Over the last four months, my wife and I have been using Blue Apron. For three meals a week, Blue Apron is $60. That makes those dinners $10 per person; compared to the average cost of a meal out, which according to Simple Dollar is $12.75, you’d save $2.75 per meal.
But is Blue Apron worth it?
Sure, it’s convenient to have meals sent to you in the mail. You don’t have to plan or think about what you want. It shows up. You cook it. Eat it. And then continue rewatching Buffy the Vampire Slayer on Netflix for the third time.
In a previous post, I covered whether I think BA is suitable for people on a fat loss plan. And though my wife and I have enjoyed Blue Apron, the question we receive from friends and family most often is: “Is it worth it?”
Yea. It’s totally worth getting rid of the headache of deciding what to eat. And the variety is nice. Plus, you’re eating fresh ingredients and organic/non-chemical/antibiotic free meat.
Still, when people ask “is it worth it?” they don’t care about the convenience. They want to know: is it worth my money?
I’m a giant nerd who will debate about the attack value in an RPG, or nerd out over who has better attack/defense numbers in Star Wars Epic Duels. So, for me, it made sense to break down a week of meals and see if Blue Apron *is* worth it.
Firstly, I need to cover some basic data points in regards to groceries and their cost. So you have to deal with a little math here. (sorry, not sorry)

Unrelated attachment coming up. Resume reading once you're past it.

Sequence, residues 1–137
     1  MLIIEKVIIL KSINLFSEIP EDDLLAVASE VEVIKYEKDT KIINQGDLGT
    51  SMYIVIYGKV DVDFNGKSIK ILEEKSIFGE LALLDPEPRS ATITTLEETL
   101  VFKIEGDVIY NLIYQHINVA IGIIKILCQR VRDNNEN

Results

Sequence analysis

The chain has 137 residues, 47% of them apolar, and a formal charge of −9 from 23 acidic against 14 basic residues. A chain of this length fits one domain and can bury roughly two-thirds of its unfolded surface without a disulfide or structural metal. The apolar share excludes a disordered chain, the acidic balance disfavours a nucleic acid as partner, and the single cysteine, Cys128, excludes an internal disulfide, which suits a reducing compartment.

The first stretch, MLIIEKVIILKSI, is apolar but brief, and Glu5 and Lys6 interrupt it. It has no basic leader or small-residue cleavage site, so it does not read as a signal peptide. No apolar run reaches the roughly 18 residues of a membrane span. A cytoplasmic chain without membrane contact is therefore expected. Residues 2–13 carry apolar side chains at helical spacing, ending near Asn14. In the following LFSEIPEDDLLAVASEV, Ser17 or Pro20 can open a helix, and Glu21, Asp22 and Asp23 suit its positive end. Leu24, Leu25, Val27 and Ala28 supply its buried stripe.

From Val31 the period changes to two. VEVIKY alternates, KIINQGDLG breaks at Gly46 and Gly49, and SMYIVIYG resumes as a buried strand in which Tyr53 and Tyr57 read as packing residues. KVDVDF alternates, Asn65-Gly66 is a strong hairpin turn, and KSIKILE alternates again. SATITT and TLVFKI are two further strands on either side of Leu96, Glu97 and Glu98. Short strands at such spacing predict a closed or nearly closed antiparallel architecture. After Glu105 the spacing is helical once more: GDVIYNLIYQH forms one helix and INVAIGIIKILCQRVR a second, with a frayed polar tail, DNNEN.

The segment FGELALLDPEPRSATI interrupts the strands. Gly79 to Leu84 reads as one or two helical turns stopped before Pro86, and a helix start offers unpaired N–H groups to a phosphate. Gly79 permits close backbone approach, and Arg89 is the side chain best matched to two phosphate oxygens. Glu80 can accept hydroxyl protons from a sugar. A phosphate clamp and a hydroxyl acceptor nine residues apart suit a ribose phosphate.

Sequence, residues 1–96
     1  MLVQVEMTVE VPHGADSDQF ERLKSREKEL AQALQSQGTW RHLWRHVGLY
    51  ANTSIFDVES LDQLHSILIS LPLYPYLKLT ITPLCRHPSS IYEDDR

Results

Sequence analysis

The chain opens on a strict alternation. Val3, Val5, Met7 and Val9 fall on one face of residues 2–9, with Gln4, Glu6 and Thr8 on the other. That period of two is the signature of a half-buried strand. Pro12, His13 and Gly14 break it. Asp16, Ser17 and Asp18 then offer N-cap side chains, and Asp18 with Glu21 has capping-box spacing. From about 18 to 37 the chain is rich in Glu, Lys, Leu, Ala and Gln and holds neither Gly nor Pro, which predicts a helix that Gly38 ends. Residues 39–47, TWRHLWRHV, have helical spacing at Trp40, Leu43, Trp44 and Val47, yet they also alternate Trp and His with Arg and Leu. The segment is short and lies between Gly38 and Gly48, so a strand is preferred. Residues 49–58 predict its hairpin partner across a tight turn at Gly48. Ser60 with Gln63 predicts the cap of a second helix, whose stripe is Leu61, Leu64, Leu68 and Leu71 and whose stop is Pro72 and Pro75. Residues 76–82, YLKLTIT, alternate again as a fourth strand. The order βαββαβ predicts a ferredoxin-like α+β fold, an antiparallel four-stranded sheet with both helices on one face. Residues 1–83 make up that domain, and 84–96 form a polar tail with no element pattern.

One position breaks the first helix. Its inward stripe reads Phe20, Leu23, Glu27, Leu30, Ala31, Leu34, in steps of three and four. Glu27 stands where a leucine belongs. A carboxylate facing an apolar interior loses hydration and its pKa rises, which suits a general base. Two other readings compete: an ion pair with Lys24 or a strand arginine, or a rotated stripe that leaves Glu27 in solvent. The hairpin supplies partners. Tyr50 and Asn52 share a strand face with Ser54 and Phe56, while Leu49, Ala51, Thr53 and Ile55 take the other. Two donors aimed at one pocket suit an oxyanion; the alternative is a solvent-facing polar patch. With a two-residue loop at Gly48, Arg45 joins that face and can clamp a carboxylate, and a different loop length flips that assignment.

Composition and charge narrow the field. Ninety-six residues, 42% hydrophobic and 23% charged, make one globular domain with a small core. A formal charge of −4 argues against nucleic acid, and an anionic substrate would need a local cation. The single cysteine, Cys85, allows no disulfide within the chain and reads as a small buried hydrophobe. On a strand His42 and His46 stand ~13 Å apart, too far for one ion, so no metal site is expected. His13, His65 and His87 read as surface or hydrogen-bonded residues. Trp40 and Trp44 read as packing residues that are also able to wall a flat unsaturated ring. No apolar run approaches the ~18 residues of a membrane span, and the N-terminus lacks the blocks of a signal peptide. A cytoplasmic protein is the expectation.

Important Data You Don’t Want to Skip
According to the USDA, a family of two, like my wife and I, could spend anywhere from $90 a week, being as thrifty as possible, to upwards of $178 a week if we’re a bit more liberal with funds on groceries.
*Betcha didn’t know this: the numbers above are from July of 2014 and most of the time you’d adjust for inflation, but, 2016 saw the first drop in supermarket prices since 1967. So we’ll use 2014 prices as they’re probably pretty close.*
Instead of going super thrifty or full-hipster-Whole Foods-bourgeoise, let’s pick a number in the middle of the USDA’s range: $134 per week, or a total of $536 a month.
Sticking with the “per week” model, you’d eat 84 meals in four weeks. Divide your monthly grocery cost, $536, by 84, and you’d come out with a cost of $6.38 per meal. That’s HALF the cost of one meal out.
Two quick things:
- No, each meal isn’t going to cost you $6.38. Most likely, you eat the same thing(s) for breakfast and most of the time, lunch, each day. So those would cost you far less in a month. And dinner *tends* to be the more expensive meal for most people anyways.
- Yes, most months have 30 or 31 days. But most people shop “per week,” and weeks bleed over into months; don’t be a douche.
So here’s what we did.
My wife and I chose a week of meals that we really enjoyed.
Again, if you want to know my (overall) thoughts on Blue Apron’s meals, check out this post.
Now, since this article is a comparison of whether Blue Apron is as cost effective as buying meals at the grocery store, here’s a copy of our receipt.
There are three things you need to keep in mind when looking at the receipt above:
- We live in a fairly rural area of Georgia. So the prices at our local Kroger may vary depending on where you live. (And some things we purchased were on sale.)